I get it. Bitcoin is a global decentralized system of payment and value. It is not the main one though. It is a competitor for the wealth seeking these things. Currently, the main one is the good old dollar bill but that is centrally controlled. The main store of value on the globe has been our currency. What happens, if it loses that perch and Bitcoin holds more global wealth?
I am a HODL’er, NOT a crypto-denier, so let us get that out of the way right now. I am acting a bit old-fashioned here, though. I understand this is probably more about patriotism and national security than the HODL risk. This could be foolish, but I am old. Are nation states even go to be around at peak Bitcoin? Who knows, but Janet Yellen’s statements on the matter illustrate a dangerous American blind spot on the risks Bitcoin specifically might represent.
Still, as a HODL’er, I think skyrocketing valuations which are not truly sustainable represent risk, too. The more money which goes into the system the more it becomes an attractive target for geopolitical leverage. If there is the possibility of gaining geopolitical advantage by owning the Bitcoin hash rate, then someone might want to make a run at that. The Iranians have openly spoken of the advantages to be gained on this front.
I have begun to worry that Bitcoin could be leveraged as a honeypot. Is this tweet from Elon Musk signaling similar concerns? I do not mean Bitcoin necessarily started out as a “trap” in the hacking sense of the term “honeypot”. In that sense, the honeypot is a system or cache of data that appears to be SO IMPORTANT it attracts hacker attention if they breach the network. It can also be meant to simulate a breach to the hacker so they no longer dig deeper but run off with the “honey” leaving a sticky trail to follow.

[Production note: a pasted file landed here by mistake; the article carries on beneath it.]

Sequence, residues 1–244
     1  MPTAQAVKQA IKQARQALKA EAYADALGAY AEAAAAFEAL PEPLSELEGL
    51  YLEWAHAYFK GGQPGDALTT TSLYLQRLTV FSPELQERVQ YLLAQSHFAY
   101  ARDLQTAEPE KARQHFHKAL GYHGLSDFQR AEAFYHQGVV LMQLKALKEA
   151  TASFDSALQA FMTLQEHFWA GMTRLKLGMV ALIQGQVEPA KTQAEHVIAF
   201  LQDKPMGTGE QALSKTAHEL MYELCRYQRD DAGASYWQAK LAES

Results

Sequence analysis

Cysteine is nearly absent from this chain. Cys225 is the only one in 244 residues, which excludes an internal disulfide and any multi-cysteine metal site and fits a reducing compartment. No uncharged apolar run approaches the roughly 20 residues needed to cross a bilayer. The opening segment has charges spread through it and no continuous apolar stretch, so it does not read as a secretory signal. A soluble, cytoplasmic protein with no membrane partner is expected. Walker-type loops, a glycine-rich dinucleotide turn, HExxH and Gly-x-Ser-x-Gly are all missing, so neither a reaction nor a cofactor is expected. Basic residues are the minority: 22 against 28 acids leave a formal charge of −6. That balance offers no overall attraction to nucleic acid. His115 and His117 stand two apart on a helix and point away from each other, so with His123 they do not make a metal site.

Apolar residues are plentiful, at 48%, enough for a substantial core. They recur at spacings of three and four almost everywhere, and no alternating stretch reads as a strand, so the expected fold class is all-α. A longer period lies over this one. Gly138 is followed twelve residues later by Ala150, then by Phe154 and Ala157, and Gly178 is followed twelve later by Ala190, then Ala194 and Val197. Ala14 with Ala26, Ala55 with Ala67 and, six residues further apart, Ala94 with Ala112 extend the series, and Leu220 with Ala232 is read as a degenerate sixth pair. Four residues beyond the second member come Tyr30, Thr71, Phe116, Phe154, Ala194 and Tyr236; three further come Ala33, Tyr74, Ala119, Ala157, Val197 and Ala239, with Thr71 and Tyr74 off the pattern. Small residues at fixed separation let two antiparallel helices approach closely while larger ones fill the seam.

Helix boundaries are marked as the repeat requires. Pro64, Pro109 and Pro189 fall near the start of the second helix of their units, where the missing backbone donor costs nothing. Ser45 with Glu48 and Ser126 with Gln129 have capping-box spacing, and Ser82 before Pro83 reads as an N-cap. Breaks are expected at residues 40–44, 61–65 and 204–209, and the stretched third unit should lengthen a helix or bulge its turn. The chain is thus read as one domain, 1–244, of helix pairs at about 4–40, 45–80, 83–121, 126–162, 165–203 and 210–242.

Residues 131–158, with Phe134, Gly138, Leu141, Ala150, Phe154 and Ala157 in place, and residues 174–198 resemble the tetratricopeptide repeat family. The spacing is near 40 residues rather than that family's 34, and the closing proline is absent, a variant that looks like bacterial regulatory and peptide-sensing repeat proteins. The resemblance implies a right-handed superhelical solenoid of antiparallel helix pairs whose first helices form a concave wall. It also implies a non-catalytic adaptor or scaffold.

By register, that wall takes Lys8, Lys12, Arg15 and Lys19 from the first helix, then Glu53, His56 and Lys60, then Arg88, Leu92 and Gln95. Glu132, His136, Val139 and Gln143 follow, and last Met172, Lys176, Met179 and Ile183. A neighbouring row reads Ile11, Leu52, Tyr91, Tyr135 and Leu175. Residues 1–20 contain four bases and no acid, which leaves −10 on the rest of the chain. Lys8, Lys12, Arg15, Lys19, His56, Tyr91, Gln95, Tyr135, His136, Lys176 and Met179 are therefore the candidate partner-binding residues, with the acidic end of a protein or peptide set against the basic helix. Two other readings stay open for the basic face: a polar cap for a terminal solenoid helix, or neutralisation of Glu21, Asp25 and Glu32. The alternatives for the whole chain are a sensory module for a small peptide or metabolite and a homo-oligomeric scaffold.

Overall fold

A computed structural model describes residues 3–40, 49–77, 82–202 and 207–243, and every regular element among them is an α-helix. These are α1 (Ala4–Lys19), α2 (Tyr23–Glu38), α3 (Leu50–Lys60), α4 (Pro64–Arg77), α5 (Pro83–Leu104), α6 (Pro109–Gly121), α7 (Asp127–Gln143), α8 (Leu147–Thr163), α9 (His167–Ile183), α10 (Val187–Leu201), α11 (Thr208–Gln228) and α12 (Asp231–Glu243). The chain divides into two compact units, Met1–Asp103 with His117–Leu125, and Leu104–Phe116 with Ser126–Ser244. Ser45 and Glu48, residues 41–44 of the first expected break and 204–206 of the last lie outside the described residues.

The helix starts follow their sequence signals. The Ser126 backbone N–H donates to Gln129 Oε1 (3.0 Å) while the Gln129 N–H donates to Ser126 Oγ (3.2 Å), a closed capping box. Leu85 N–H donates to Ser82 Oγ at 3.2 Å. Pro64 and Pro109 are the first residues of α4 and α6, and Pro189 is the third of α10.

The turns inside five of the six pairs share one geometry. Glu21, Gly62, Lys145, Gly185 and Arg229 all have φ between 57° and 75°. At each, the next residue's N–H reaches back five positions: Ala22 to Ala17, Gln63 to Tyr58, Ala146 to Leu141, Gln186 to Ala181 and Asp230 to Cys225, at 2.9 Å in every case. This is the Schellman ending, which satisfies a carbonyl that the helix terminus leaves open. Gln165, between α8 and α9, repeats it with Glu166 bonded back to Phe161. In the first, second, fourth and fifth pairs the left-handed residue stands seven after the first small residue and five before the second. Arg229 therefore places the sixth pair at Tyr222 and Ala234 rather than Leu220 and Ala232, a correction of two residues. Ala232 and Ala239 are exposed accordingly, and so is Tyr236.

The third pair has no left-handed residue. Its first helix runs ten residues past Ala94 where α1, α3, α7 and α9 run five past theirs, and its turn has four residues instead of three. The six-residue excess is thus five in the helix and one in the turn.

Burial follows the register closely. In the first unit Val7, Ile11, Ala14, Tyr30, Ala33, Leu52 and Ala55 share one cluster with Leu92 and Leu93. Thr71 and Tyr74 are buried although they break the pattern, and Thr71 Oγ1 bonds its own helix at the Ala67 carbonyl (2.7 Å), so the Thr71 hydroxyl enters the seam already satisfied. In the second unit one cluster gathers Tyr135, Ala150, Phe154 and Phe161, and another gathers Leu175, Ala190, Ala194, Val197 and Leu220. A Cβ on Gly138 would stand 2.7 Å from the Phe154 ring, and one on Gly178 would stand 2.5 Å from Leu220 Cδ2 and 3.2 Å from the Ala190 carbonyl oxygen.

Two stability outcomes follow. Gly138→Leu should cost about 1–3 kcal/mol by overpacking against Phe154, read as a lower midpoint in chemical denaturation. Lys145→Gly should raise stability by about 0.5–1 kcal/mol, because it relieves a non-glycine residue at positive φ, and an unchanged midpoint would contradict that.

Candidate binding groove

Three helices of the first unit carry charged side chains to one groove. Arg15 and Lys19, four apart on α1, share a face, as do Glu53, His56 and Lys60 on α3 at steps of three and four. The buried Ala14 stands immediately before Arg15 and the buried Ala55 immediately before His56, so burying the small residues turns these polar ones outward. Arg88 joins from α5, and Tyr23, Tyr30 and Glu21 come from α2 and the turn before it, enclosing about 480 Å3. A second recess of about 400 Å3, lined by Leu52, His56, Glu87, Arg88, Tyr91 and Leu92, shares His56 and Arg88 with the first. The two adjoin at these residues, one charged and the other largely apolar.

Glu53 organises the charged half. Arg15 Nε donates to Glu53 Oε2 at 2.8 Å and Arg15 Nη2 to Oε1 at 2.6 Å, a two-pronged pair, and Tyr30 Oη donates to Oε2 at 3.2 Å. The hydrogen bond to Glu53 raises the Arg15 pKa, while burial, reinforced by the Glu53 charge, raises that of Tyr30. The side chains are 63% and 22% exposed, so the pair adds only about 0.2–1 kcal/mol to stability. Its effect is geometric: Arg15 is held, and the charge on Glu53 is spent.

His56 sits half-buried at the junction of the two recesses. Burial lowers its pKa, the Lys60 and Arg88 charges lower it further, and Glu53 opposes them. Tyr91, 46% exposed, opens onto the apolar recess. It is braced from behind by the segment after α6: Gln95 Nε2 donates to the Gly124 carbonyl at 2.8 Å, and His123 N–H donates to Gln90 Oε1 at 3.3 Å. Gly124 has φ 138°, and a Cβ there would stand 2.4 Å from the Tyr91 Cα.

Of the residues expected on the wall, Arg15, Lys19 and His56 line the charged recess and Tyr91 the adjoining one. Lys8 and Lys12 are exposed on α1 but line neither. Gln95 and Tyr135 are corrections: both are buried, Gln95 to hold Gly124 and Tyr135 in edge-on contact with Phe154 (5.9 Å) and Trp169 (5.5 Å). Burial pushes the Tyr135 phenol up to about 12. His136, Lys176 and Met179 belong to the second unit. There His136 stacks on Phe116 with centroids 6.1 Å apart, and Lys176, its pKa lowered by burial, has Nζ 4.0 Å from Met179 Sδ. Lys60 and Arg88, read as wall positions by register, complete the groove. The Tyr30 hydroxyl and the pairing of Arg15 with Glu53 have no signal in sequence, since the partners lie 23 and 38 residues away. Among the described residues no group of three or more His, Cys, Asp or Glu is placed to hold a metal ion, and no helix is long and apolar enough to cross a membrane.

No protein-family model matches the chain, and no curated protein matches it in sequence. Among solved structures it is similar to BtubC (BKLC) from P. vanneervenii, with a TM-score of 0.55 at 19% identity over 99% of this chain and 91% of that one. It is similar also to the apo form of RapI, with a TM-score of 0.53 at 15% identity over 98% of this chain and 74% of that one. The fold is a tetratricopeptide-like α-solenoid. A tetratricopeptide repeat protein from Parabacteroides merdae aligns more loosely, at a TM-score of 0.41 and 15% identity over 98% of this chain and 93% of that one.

Bitcoin is appearing to be too good to be true. This is always the first sign of a honey pot. I am wondering if our enemies might not be able to lure Americans through their insatiable desire for honey(money). More and more American companies have put their reserves here. This creates an underappreciated vulnerability. If more banks and other financial institutions put their eggs in this basket, the vulnerability grows.
I have begun to become concerned about Bitcoin’s valuation too. It may very well be justified but there are some unanswered questions about the digital currency. We do not really know who invented it as Satoshi remains anonymous. Coinbase calls this out as a real risk in their SEC filing. We do know the code though so thankfully there is real transparency on that front.
Nonetheless, I would like to see some further open discussion about the following risks of greater Bitcoin adoption within all of American finance.